McDonnell signed the revised legislation in March, making Virginia the eighth state to adopt such a measure, but the dustup over the initial bill led to criticism that could explain his drop in approval ratings in the state. A March Quinnipiac poll showed McDonnell's approval rating at 53, still high, but down 5 points from February.
This wasn't McDonnell's first tangle with controversy as governor of Old Dominion. In 2010, McDonnell proclaimed April as "Confederate History Month" but did not include any reference to slavery, drawing heat from Democrats, civil rights groups, and the local community. McDonnell later apologized for the omission, adding to the proclamation "it is important for all Virginians to understand that the institution of slavery led to this war and was an evil and inhumane practice that deprived people of their God-given inalienable rights and all Virginians are thankful for its permanent eradication from our borders, and the study of this time of period should reflect upon and learn from this painful part of our history."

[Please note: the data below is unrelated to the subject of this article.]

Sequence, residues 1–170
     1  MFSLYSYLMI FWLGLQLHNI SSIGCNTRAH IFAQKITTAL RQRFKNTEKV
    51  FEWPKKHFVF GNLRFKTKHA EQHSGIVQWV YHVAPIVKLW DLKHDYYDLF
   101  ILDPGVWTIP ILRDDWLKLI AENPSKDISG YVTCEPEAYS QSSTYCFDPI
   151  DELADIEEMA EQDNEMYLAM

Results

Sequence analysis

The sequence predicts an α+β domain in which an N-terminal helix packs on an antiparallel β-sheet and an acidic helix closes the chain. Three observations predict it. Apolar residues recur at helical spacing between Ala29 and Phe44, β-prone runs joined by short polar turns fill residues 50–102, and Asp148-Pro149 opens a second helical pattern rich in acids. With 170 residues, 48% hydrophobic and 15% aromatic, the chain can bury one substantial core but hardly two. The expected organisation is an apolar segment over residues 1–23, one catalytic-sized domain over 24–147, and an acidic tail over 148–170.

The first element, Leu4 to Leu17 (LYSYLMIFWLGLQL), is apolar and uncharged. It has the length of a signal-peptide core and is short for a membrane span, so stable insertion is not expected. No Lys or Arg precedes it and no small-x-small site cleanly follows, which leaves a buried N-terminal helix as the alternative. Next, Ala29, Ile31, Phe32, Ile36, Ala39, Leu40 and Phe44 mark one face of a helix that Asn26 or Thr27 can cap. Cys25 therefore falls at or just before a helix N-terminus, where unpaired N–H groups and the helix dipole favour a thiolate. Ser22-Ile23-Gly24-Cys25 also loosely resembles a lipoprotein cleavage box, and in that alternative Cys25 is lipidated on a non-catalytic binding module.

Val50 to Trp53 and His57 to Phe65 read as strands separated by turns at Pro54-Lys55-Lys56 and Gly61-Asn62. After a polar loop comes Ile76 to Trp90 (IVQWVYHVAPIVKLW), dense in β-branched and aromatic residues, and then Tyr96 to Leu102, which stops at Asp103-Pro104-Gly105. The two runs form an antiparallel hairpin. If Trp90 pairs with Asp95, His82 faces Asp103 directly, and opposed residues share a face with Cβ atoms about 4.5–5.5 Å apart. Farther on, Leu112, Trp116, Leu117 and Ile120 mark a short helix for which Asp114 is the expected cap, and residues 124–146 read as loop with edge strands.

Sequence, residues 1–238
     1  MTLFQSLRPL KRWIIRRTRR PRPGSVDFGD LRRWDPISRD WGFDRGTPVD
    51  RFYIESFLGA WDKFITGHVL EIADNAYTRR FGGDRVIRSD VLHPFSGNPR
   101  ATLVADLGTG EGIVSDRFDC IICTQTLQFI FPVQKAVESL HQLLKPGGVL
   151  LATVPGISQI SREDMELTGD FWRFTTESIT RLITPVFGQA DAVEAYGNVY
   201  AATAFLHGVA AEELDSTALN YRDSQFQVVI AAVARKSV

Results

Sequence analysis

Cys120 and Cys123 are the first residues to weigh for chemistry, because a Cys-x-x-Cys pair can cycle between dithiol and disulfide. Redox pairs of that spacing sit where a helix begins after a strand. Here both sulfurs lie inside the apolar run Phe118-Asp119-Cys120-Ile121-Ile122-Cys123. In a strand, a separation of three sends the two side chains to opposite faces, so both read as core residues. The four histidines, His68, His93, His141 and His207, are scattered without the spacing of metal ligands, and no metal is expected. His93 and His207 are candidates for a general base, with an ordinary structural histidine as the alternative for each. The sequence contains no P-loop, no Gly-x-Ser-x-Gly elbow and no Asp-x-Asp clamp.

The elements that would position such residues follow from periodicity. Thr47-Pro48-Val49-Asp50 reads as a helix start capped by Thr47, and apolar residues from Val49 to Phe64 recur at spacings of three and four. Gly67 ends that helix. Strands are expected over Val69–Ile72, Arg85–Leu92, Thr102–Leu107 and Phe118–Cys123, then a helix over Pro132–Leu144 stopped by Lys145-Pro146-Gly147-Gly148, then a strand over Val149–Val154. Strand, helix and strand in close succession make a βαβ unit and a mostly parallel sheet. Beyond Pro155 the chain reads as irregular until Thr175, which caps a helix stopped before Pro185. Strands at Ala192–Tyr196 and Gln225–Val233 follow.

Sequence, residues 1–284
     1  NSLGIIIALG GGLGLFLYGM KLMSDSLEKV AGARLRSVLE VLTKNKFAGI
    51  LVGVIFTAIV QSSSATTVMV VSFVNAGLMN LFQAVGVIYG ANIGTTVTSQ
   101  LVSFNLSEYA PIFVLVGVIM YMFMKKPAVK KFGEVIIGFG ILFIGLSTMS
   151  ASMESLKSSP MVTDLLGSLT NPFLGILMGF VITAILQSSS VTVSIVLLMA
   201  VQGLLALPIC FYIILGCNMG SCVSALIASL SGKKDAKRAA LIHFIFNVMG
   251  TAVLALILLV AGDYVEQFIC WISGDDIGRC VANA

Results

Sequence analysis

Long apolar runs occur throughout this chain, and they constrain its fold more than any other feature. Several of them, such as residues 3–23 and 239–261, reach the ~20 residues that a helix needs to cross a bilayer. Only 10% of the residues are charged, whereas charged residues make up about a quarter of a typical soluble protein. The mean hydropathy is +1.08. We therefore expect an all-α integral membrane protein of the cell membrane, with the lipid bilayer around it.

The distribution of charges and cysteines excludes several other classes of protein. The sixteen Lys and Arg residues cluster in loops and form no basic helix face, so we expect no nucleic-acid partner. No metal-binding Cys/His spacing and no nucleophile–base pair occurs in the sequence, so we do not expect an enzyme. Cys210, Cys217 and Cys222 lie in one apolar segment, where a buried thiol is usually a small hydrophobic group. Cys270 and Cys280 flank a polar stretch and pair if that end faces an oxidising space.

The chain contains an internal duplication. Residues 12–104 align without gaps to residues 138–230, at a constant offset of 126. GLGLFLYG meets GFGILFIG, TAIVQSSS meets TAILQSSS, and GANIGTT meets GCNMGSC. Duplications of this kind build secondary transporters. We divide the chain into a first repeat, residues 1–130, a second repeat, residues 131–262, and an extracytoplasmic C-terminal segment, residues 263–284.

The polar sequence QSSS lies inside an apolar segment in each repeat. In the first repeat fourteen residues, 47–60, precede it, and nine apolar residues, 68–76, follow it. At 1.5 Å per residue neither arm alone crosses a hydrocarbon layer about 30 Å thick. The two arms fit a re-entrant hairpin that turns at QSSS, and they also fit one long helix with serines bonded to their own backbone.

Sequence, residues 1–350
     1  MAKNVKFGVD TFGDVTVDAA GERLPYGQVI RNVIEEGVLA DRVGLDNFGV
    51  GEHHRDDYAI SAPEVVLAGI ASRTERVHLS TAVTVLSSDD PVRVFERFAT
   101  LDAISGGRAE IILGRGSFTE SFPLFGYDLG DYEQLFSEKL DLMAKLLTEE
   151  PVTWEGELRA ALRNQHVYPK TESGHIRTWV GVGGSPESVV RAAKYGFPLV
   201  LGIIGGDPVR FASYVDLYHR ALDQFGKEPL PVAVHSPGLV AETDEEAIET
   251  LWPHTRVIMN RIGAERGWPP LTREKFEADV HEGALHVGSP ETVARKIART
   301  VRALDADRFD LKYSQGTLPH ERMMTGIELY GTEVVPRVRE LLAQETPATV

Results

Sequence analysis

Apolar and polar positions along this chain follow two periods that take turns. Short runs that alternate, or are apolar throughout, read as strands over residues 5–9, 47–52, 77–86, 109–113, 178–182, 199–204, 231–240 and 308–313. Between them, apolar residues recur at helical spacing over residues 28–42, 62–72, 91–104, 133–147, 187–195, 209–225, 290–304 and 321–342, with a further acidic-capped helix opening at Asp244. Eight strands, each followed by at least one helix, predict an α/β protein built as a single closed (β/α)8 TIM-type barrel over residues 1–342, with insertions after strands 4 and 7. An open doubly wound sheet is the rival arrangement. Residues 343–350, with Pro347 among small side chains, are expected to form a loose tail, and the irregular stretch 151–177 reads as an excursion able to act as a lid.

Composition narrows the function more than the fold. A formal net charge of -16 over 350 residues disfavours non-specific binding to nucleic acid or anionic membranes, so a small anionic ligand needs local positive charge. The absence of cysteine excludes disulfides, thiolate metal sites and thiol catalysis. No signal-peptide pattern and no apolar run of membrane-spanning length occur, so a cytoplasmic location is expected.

McDonnell assumed the chairmanship of the Republican Governor's Association after Texas Gov. Rick Perry left the post to run for president in August.
When it comes to his vice presidential ambitions, McDonnell and his staff stick to the script – he has the best job in the nation, one once held by the likes of Patrick Henry and Thomas Jefferson. McDonnell, who endorsed Romney in January, has said he would consider the vice presidential slot as he believes anyone would if approached by the leader of the party to join him on the ticket, but the Virginia governor, who is barred from running for a second term in the state, always explains he isn't pursuing the VP position.
"I'm not interviewing or auditioning. I've got Patrick Henry and Thomas Jefferson's job. It doesn't get any better than that," he says.